John Leland Center for Theological Studies

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John Leland Center for Theological Studies
John Leland Center logo.png
Established 1998
Type Private
Religious affiliation Baptist
President Mark J. Olson
Location Arlington, Virginia, United States
Coordinates: 38°53′08″N 77°10′00″W / 38.8856°N 77.1668°W / 38.8856; -77.1668
Website http://www.leland.edu

The John Leland Center for Theological Studies is a Christian institution of higher education, comprising a seminary and a school of ministry.[1] The center's main campus is in Arlington, Virginia, with several satellite locations elsewhere in Virginia.[1] Leland is partnered with the Baptist General Association of Virginia[2] and the District of Columbia Baptist Convention,[3] though the center has ties with a range of denominations and churches.[1][4] Leland is a member of the Washington Theological Consortium.[5]

The center's namesake, John Leland, was an 18th and 19th century Baptist minister in the United States who was a proponent of the separation of church and state.[4]

History[edit]

At a 1997 Baptist World Alliance meeting, several Baptist leaders discussed developing the Washington Metropolitan Area's first Baptist seminary.[6][7] These individuals resolved to create the center which began offering classes the next year.[6][7]

Randel Everett, the center's first president, stepped down in late 2006.[4][8] Mark J. Olson became Leland's second president in 2007.[9]

Academics[edit]

Leland Seminary offers the center's graduate courses.[10] The seminary is accredited by the Association of Theological Schools in the United States and Canada (ATS).[11][12] The seminary offers the following ATS-approved degrees: Master of Divinity, Master of Christian Leadership, and Master of Theological Studies.[11][13] The seminary also offers a Graduate Certificate in Theological Studies and a Graduate Certificate in Leadership Studies.[10]

Leland School of Ministry, based at the center's Hampton Roads, Virginia satellite, offers the center's undergraduate courses and non-traditional programs, including a diploma in theology program.[14] The school partners with Averett University and Hampton University to allow students seeking a bachelor's degree to transfer Leland course credits into those universities' degree programs.[15][16]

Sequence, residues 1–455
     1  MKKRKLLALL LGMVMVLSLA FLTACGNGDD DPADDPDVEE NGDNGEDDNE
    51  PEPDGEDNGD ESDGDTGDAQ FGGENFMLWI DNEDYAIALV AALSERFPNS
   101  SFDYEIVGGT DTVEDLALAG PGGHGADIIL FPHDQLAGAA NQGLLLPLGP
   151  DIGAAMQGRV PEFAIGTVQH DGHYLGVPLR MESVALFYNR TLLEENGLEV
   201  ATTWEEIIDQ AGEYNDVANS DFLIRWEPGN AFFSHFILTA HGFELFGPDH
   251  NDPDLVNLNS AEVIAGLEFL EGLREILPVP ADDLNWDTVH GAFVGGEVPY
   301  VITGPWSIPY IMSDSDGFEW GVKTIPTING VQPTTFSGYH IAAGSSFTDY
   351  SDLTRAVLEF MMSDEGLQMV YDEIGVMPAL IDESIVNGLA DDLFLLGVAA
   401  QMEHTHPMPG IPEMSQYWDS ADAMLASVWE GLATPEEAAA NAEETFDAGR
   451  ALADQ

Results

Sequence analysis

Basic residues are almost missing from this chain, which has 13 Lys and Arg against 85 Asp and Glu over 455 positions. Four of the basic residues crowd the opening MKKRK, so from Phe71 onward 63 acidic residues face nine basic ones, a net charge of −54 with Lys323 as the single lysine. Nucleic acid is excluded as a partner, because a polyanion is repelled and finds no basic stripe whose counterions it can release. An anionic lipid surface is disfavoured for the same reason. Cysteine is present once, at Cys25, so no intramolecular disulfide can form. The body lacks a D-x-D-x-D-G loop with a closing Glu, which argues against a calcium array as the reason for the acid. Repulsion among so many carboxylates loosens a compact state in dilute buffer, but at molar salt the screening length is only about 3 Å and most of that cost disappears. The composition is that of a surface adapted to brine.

References[edit]

  1. ^ a b c Olson, Mark. "Welcome". John Leland Center for Theological Studies. Retrieved 2012-09-15. 
  2. ^ "Ministry Partners". Baptist General Association of Virginia. Retrieved 2009-10-02. 
  3. ^ "Partners". District of Columbia Baptist Convention. Retrieved 2010-06-06. 
  4. ^ a b c Witham, Larry A. (2005). Who Shall Lead Them?: The Future of Ministry in America. Oxford University Press. p. 97. ISBN 978-0-19-516697-2. Retrieved 2009-10-02. 
  5. ^ "Member Institutions". Washington Theological Consortium. Retrieved 2009-10-02. 
  6. ^ a b Brackney, William H. (2008). Congregation and Campus: Baptists in Higher Education. Mercer University Press. pp. 310–11. ISBN 978-0-88146-130-5. Retrieved 2009-10-02. 
  7. ^ a b Witham, Larry (August 30, 2002). "Baptist seminary moves into new home". Washington Times (via Internet Archive). Archived from the original on April 7, 2003. Retrieved 2009-10-02. 
  8. ^ Marus, Robert (August 1, 2006). "Randel Everett to resign from Leland Center in Va.". Associated Baptist Press. Retrieved 2009-10-02. 
  9. ^ Dilday, Robert (June 14, 2007). "North Carolina pastor named president of Leland Center". Religious Herald. Retrieved 2009-10-02. 
  10. ^ a b "About Leland Seminary". John Leland Center for Theological Studies. Retrieved 2009-10-02. 
  11. ^ a b "Member Schools: John Leland Center for Theological Studies". Association of Theological Schools in the United States and Canada. Retrieved 2009-10-02. 
  12. ^ Elliott, Hannah (June 29, 2006). "Leland Center receives accreditation; faculty lauded for 'notable scholarship'". Associated Baptist Press. Retrieved 2009-10-02. 
  13. ^ White, Jim (March 17, 2009). "John Leland center to offer leadership degree". Religious Herald. Retrieved 2009-10-02. 
  14. ^ "About Leland School of Ministry". John Leland Center for Theological Studies. Retrieved 2009-10-02. 
  15. ^ "Educational Partnerships". John Leland Center for Theological Studies. Retrieved 2009-10-02. 
  16. ^ Marus, Robert (October 23, 2007). "Leland Seminary, Hampton University reach undergrad agreement". Associated Baptist Press. Retrieved 2009-10-02. 

External links[edit]